Click on this link to read more from the infectious disease expert, Dr Paul Sax in the New England Journal of Medicine. 

The opinions expressed on this page and by the owner of this website are published for educational and informational purposes only, and are not intended as a diagnosis, treatment or as a substitute for professional medical advice, diagnosis and treatment.

When will life be back to normal?

When will life be back to normal?

Let’s face it. We are tired. I am tired too. I’m tired of not embracing my friends. I’m tired of not going out and only eating the food I cook myself. I’m tired of not traveling or not conducting work meetings in person. The sacrifices are worth it, but it has been demoralizing for all of us, and let’s be honest – it feels like it’s been FOREVER. But it hasn’t been forever. Just a half a year of soul-searching and character-building. But it helps to have an end in sight. So, when WILL this end? Here’s my messy, but hopefully realistic, estimate:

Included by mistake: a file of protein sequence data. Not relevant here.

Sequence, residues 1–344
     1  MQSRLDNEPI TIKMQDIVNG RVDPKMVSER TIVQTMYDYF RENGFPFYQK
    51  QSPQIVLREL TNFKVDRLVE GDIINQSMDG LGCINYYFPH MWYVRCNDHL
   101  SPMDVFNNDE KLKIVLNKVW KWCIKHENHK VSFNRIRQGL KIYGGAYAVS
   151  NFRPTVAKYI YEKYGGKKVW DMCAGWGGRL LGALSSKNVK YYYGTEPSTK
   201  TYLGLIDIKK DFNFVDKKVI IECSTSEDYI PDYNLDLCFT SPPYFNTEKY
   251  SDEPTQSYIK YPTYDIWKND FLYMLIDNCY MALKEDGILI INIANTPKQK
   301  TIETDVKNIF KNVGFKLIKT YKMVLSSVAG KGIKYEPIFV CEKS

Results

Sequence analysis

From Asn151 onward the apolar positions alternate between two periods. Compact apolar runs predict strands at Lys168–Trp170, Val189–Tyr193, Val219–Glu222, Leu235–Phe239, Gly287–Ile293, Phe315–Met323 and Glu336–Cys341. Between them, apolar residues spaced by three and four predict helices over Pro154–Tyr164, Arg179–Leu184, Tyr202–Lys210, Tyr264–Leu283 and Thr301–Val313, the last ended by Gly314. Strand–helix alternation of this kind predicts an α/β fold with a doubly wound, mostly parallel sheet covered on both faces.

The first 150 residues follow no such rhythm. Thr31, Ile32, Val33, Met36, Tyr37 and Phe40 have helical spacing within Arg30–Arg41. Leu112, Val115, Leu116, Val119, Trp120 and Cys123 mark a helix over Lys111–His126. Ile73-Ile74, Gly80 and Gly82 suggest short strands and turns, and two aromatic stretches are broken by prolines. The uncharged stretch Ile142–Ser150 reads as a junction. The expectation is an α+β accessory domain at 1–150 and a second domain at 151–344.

Based on the information we currently have (keeping in mind, the information is always changing), we hope to have a vaccine by December of this year. It is then projected that we will have about 700 million doses by April 2021 of said vaccine. It will likely be that many people will not want the vaccine right away due to trust issues (more on this in a future post about the safety of vaccines). So, even if we could vaccinate everyone within the first few months, due to delay by many skeptics, we likely will not have the required amount for herd immunity until the 3rd quarter of 2021.